Tuesday, April 5, 2011

Stories from the Pews: Former Slave's Parish Welcomes, Affirms Gays

By
Ben Garren
Integrity Intern


My uncle wanted to make chicken and dumplings. A simple enough task. As I watched him slowly write out the grocery list in his precise architect’s script, however, I knew completing that task would take much of the day’s energy. Recovering from spinal meningitis decades into his fight with HIV/Aids simple tasks were no longer easy. I sadly mulled this over as I drove to the store with his list. At which point, as always, my uncle made me smile. His meticulous list was arranged to the specific floor plan of the store. Pity ain’t gonna stick to that.


I get a chance to visit my uncle whenever I go to see my mother’s family. It is one of those larger rural towns; it has numerous traffic lights. It is big enough that as only a sometime resident I get lost even though everywhere I look I see a familiar sight from my childhood. This odd feeling of being familiar with your surroundings but at the same time lost is not unlike what I often feel as a part of the younger generation of gay men. I was an infant during the HIV/Aids crisis; I didn’t experience it. What I do experience is the vacuum it left behind, a generation gone leaving the next with only parts of a legacy.

This is one of the great blessings my uncle has been able to give, a direct link to this lost legacy. A great part of this has been hearing his faith journey.

When I was young and visiting my grandparents they took me to the same church they had taken my uncle when he was my age. It was my first encounter with fire and brimstone preaching. Thirty minutes was about the edge of my adolescent Episcopal ability to sit through any sermon, so once I slipped out of church at this half way mark. Only to be found by the pastor’s wife who quickly informed me that my inability to listen to God’s word proclaimed by her husband was a sign of my depravity and lack of faith. I cannot imagine what growing up in that church as a gay teen must have been like. I always thought that my uncle was thoroughly dechurched. I was wrong.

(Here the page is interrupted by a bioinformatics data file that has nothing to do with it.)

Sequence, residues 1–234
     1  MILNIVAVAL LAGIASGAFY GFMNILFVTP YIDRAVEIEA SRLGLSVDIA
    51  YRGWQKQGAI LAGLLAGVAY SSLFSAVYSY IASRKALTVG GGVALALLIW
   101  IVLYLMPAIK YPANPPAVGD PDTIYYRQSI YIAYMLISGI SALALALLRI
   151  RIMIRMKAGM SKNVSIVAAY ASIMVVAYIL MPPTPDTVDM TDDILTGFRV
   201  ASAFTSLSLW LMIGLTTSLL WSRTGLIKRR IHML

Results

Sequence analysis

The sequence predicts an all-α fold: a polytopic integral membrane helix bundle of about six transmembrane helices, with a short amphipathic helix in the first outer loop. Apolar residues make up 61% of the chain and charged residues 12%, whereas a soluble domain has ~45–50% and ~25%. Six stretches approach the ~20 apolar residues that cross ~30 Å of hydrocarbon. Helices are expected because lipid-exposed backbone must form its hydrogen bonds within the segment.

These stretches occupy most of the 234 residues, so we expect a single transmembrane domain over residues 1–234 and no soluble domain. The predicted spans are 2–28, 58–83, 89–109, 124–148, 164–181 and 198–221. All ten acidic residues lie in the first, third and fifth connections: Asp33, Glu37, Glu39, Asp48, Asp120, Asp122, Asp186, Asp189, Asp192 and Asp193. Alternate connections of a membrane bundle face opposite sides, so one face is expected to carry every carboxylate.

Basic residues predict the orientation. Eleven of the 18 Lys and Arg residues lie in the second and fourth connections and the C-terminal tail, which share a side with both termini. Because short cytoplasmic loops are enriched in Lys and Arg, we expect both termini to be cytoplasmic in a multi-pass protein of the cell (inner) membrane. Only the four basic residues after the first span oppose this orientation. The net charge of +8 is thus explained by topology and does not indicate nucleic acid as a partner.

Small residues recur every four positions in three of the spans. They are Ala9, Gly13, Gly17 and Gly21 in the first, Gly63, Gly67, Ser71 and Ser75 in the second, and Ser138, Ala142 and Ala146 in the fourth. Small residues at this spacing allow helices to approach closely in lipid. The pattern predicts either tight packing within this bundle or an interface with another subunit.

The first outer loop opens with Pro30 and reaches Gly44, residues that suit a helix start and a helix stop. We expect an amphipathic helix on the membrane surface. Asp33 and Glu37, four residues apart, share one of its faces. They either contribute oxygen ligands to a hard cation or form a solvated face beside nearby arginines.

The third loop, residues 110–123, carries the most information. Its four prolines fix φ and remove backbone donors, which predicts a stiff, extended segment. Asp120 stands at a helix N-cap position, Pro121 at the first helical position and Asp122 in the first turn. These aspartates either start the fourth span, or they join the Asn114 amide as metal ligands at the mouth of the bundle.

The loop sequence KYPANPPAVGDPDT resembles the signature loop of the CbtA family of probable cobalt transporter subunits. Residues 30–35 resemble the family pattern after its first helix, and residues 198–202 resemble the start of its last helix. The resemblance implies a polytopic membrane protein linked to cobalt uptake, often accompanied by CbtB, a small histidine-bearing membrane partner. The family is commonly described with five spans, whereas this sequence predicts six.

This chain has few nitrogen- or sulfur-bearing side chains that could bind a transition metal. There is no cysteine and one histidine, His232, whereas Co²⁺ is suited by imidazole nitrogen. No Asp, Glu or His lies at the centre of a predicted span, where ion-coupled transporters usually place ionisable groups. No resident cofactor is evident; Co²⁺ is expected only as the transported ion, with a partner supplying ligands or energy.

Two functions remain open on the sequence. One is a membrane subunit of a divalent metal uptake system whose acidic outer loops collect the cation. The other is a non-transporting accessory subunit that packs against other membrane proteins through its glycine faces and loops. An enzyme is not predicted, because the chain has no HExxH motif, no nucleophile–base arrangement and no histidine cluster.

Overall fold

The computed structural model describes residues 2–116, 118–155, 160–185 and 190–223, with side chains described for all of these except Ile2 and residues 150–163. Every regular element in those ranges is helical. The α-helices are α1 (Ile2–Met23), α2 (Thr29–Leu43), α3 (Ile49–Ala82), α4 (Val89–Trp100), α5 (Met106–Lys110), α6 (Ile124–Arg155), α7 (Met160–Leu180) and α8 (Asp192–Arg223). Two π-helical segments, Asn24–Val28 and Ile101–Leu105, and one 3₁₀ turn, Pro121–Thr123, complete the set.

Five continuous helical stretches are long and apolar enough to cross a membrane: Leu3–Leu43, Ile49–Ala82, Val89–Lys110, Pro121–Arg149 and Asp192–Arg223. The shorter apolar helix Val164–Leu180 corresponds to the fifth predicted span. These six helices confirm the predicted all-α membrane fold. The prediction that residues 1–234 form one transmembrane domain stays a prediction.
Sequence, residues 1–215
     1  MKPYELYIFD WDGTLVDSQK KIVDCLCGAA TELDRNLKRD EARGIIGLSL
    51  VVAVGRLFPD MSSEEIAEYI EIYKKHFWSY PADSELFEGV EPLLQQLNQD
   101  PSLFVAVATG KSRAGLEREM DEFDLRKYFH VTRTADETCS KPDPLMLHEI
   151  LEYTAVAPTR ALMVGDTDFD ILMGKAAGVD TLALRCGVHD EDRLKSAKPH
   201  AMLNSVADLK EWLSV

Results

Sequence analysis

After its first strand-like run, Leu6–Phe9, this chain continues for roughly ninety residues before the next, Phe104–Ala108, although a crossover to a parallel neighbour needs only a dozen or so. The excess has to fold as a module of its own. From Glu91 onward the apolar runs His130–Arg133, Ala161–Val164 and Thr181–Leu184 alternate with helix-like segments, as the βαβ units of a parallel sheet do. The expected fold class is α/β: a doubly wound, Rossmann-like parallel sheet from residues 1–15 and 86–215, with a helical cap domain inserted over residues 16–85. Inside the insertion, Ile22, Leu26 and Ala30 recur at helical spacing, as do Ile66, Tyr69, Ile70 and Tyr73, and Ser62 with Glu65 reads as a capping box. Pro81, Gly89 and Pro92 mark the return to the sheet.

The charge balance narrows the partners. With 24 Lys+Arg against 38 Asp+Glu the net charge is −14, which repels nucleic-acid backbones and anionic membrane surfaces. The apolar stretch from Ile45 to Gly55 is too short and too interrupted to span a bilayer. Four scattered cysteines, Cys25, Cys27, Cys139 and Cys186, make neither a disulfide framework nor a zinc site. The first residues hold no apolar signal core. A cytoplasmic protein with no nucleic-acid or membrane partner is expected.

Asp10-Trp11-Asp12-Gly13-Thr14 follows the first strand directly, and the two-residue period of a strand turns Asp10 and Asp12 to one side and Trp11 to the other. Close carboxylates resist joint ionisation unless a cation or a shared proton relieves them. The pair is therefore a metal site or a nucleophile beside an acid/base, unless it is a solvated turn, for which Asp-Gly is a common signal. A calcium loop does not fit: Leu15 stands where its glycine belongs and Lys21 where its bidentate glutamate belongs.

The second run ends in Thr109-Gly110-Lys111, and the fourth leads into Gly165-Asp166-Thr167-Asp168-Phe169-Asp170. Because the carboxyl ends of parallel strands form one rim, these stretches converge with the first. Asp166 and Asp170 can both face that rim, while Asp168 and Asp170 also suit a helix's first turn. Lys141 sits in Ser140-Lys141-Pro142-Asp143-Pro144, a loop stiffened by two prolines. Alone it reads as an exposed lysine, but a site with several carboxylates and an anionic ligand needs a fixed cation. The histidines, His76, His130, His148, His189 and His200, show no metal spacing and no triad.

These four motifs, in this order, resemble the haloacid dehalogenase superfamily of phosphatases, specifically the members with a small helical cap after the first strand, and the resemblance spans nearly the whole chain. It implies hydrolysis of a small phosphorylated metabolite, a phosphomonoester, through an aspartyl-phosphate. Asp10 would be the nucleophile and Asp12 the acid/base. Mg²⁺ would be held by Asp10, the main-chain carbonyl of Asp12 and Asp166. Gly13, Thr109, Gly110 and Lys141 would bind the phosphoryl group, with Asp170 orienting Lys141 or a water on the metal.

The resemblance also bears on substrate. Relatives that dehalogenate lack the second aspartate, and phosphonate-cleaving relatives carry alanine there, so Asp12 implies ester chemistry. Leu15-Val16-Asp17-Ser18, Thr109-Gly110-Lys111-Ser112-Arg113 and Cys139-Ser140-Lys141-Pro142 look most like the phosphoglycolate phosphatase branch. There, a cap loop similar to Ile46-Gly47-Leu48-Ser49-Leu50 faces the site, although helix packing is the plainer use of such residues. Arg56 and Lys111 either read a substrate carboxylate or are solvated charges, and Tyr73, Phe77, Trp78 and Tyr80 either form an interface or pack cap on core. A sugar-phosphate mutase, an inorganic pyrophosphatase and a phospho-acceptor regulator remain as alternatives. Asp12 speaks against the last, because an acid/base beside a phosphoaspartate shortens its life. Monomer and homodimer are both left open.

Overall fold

A few years ago my uncle became a confirmed Episcopalian. My memory is of him explaining that it was not a sudden decision, but one he had known for a long time. He talked about Integrity, not in any great way but by the simple fact that Integrity existed. That it had actual purchase in our church’s polity and this meant that the Episcopal Church was a place where he could worship God with his full self. Decades of the Episcopal Church being in the background had made it the place he knew he would go when he was ready once again to enter into a churched relationship with God.

His parish, though, is amazing. I was always told there were two Episcopal parishes in town. One is actually a continuing Anglican parish that split off when the new prayer book was made. I have worshiped at the other one when I am down there, and I knew it to not be affirming of the LGBT community. I could not see my Uncle there and he wasn’t.

My uncle was at the other Episcopal Church, the hidden Episcopal Church, the Episcopal Church built by Episcopal slaves so they could worship out of sight and mind of their Episcopal owners. It was there that my uncle found welcome, affirmation, and a space where he could worship God in Truth. The first white individual known to be a lay member of that parish.

My uncle lives, he loves life, he gets out the cloth napkins and does life right. And with that as beacon I cannot help but do the same.

Our church, our church has its problems, but if the results of one of our most darkest deeds, our party to the enslavement of our brothers and sisters in Christ, is that a former slave parish in the deep south is now a place a gay white man can finally worship God in truth, then there is overwhelming hope amidst our current problems.

My uncle and his parish are two of my Icons. Windows into the reality of what God would have us do with our life and what God would have us know of the church. I bring to mind whenever the details bog me down. I offer them to you in hopes that they may serve you as well. Amen.



Ben Garren is a cradle Episcopalian and a member at the Cathedral Church of St. Luke's, Portland, Maine. He works with homeless women at a low barrier shelter in Portland.





3 comments:

Wade said...

Well said Ben.

jevcat said...

Lovely and moving. Thank you.

Cameron Partridge said...

Thanks so much for this moving reflection, Ben-- it's an honor to know you!